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Residents Of Texas Express Mixed Feelings, As U.S. President Donald Trump Threatens Of Border Closure

For years, American businesses have restructured their manufacturing so that many products are made on both sides of the border. Border closures could have far-reaching impacts on a wide range of businesses.

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Cargo trucks lineup to cross to the United States near the US-Mexico border at the Cordova-Americas International Bridge in Ciudad Juarez, Chihuahua state, Mexico, on April 4, 2019. Pixabay

This week U.S. President Donald Trump threatened to impose tariffs on Mexico or close its border with the United States entirely “if the drugs don’t stop or largely stop.”

The Trump administration has made strengthening border security a centerpiece of its domestic policy, even though public opinion polls show Americans are roughly split over substantially expanding a wall along the border.

In El Paso, Texas, a border town across the U.S.-Mexico border from Ciudad Juárez, many residents also express mixed feelings about a border closure that would directly impact their lives more than those of most Americans.

Last year, 7 million pedestrians crossed the U.S. border at the El Paso international bridges to either work or study, according to the U.S. Department of Transportation. Vehicles with passengers reached the 22 million mark.

Vehicles from Mexico and the U.S. approach a border crossing in El Paso, Texas, April 1, 2019.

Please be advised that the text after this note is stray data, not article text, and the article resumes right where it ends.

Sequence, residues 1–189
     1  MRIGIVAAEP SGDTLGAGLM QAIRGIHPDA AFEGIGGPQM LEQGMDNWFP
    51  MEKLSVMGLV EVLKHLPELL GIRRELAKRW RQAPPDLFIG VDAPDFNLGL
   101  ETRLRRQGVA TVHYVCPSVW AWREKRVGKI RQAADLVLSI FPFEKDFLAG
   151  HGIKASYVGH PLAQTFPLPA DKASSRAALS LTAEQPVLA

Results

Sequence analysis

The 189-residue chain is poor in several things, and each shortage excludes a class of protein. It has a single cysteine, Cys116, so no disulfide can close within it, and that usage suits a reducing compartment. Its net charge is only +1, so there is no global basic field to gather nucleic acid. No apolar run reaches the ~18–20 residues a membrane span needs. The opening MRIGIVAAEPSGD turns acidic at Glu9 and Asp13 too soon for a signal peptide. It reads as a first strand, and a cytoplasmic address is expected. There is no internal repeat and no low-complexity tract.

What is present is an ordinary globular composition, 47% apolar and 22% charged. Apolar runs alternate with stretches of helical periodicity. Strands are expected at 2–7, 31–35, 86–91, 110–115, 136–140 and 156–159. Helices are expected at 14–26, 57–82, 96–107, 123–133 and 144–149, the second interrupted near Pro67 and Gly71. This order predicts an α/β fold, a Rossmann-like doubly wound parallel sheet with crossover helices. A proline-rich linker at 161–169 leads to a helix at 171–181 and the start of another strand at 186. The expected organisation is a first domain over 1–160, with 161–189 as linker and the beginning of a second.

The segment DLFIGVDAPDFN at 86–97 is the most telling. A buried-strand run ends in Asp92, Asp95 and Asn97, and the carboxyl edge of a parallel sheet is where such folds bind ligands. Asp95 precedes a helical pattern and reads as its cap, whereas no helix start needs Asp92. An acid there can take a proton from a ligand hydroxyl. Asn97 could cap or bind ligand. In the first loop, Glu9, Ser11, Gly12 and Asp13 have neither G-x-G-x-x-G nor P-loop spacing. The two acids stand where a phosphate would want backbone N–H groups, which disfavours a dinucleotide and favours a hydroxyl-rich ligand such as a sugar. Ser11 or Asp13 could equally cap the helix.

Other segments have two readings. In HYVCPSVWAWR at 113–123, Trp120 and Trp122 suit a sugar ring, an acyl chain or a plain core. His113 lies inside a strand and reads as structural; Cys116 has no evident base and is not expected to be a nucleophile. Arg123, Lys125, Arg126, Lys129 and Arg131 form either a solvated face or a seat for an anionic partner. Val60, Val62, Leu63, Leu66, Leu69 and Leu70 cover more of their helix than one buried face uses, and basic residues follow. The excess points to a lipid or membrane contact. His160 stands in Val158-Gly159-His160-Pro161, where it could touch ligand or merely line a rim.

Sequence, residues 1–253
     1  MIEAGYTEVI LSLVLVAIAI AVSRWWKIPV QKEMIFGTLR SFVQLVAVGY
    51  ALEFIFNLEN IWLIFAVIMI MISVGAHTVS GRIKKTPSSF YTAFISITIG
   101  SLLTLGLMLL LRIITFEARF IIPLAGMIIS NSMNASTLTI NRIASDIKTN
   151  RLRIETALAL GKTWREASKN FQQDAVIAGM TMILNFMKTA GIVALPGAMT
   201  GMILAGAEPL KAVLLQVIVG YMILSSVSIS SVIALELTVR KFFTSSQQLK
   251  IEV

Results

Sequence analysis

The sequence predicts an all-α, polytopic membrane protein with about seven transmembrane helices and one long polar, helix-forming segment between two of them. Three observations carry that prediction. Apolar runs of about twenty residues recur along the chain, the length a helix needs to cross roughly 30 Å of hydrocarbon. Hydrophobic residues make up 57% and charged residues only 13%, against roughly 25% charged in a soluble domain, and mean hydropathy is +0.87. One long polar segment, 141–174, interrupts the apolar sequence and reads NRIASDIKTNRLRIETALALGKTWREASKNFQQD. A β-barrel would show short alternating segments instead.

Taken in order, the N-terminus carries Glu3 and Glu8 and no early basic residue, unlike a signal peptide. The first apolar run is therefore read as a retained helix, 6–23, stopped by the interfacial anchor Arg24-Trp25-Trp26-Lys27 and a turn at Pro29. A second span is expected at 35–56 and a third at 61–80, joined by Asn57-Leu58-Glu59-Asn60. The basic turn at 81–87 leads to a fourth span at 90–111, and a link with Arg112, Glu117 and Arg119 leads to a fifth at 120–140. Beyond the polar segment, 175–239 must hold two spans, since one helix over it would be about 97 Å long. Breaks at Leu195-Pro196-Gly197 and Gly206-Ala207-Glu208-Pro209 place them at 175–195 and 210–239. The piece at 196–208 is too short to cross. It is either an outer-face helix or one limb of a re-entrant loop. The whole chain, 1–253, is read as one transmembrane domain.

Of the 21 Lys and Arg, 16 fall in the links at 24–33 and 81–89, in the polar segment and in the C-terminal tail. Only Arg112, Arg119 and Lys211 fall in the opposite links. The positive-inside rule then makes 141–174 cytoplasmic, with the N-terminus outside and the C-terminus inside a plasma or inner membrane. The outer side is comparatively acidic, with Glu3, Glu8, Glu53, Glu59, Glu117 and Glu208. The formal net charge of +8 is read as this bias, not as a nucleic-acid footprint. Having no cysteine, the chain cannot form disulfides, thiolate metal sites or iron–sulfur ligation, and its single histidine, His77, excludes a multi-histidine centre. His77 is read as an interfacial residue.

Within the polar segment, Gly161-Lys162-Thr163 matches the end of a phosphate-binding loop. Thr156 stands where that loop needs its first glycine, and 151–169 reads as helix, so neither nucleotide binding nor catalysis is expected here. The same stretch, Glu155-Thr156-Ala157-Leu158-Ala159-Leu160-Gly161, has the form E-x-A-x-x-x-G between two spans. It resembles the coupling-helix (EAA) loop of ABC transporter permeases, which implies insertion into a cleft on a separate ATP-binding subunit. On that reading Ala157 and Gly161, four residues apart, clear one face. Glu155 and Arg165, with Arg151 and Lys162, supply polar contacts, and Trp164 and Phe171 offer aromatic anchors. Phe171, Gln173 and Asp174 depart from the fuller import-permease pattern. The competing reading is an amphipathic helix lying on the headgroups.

Vehicles from Mexico and the U.S. approach a border crossing in El Paso, Texas, April 1, 2019. VOA

Cars, classes and tourists

For graphic design student Paula Lopez, who goes to school in El Paso but lives in Ciudad Juarez, shutting down the pedestrian crossing could affect her education.

“If they close the border, I will have to miss my classes and I am allowed a maximum of five absences,” Lopez said.

Oscar Lira, an intensive care nurse at a medical center in El Paso, says a potential closure would affect people’s health and job security.

“In fact, the treatments would be worse for everyone,” Lira said, adding that a lot of health workers in El Paso live in Ciudad Juarez, which means if they can’t come to work, the extra services would fall to those on the U.S. side.

Even local Republican supporters of the president have expressed concerns. Adolpho Telles, El Paso County Republican Party chairman, was “very concerned” that even a partial closure of the border could hurt the Texas border town.

“People keep joking that we’re going to run out of avocados here in a couple weeks … but that’s not the important part. They [people living across the border] make wire harnesses, component parts for vehicles. They come over here. They ship them east, and then on the East Coast to use, to finish the manufacturing cycle,” Telles said.

Residents of Anapra, a neighborhood on the outskirts of Ciudad Juarez in Mexico, gather next to the border fence during a prayer with priests and bishops from Mexico and the United States on Feb. 26, 2019.
Residents of Anapra, a neighborhood on the outskirts of Ciudad Juarez in Mexico, gather next to the border fence during a prayer with priests and bishops from Mexico and the United States on Feb. 26, 2019. VOA

For years, American businesses have restructured their manufacturing so that many products are made on both sides of the border. Border closures could have far-reaching impacts on a wide range of businesses.

Roger Noriega of the American Enterprise Institute, a conservative Washington-based policy research group, said the president’s closure threat sows doubt among regional partners and businesses. And he says it remains unclear how it would work.

Also Read: Research Revels, Even Consuming Alcohol Once A Day Raises Risk of Heart Stroke